This review is based on a December 9-17, 2018 trip from Miami to Havana, Cienfuegos, Grand Cayman, and Labadee, Haiti.
See https://philip.greenspun.com/blog/2019/01/03/cuba-tourism-cruise-ship-versus-hotels/ for some thoughts about seeing Cuba by ship versus land tours.
By virtue of having qualified as U.S. government-authorized providers of “people to people” tours, the cruise lines are able to operate in Cuba legally. Due to their scale and efficiency (world labor market!), the result is far cheaper than what land-based tour companies are able to offer. The basic rooms-with-windows on Empress of the Seas for our departure were going for less than $800 per person ($100/day) including all fees.
Empress of the Seas is the smallest and oldest ship in the Royal Caribbean inventory. Wikipedia says that she was launched in 1989 and holds 1,840 passengers. Piers in most Cuban ports circa 2018 were not capable of handling larger ships, which is why this smaller and less profitable ship was in use (see https://philip.greenspun.com/blog/2018/12/26/cruise-o-nomics/).
The basic cabins on Empress are truly closet-sized. We paid $3,070 for a “suite” that is more like the size of an ordinary “room” on a new ship. The bathroom was tiny (way too small for a tub, for example). It was worth it for the balcony. We spent another $2,000 or so on shore excursions, Internet connectivity (intermittent and sometimes slow), drinks (not on the unlimited “alcohol misuse disorder” plan!), etc.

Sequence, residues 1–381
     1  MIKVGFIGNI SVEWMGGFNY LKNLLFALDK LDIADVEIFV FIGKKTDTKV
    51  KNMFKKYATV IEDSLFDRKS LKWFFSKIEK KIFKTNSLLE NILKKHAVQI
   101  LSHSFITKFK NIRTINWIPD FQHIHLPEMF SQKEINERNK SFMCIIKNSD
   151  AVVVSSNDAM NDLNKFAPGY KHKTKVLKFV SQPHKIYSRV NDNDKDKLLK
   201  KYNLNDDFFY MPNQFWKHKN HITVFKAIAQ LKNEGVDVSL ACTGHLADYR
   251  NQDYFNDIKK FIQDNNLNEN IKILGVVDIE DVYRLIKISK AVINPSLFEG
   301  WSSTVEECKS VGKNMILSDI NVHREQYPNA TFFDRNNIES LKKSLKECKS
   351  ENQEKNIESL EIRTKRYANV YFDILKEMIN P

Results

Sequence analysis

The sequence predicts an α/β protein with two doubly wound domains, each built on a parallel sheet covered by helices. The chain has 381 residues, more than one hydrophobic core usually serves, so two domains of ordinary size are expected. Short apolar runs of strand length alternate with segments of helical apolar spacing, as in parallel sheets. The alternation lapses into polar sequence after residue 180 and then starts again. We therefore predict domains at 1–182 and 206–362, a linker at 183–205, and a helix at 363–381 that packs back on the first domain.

The crew likes to surprise passengers with decoration:
Shore excursions typically entailed 1-1.25 hours of “line up and wait” before we were actually on a tour bus and headed to the first destination. Passengers are called to the theater, check in with their tour tickets, are assigned number/sticker, and then wait for 45 minutes until the number is called. The guided tour of Havana was interesting and the guide spoke excellent English. The tour in Cienfuegos was struggling for reasons to exist, on the other hand, and our guide struggled with English and organization. We did enjoy the botanical garden, but it would have made more sense just to walk around the UNESCO World Heritage downtown on our own (may not be legal, technically, but there are no practical barriers to doing this; passengers self-certify that they will buy an organized tour of some kind, but there is no enforcement). Cienfuegos receives many fewer tourists and therefore has many fewer people hustling to make a buck off tourists. This makes it a more relaxing environment for sightseers than Havana.
Grand Cayman has the strip malls and traffic jams of Greater Miami, but without the art, architecture, culture, and music. The local museum is interesting (the history of the Caymans is mostly the history of killing all of the sea turtles) and Seven Mile Beach is a nice walk and perfect for swimming. Snorkeling and Sting Ray City strips were canceled the day that we were there due to several days of high winds and associated heavy surf.
It was nice to see a strip mall sign feature the Chabad center next to a tattoo and piercing parlor (see “Why Does Judaism Forbid Tattoos?” on the Chabad.org site). However, I would be much more enthusiastic about returning to Cuba than going back to Grand Cayman. (Luca, on the beach inside the Caribbean Club hotel, was a great place to hang out for a long lunch and swim before or after.)
We loved Labadee, Haiti and I wrote about it separately in https://philip.greenspun.com/blog/2019/01/21/labadee-port-guide/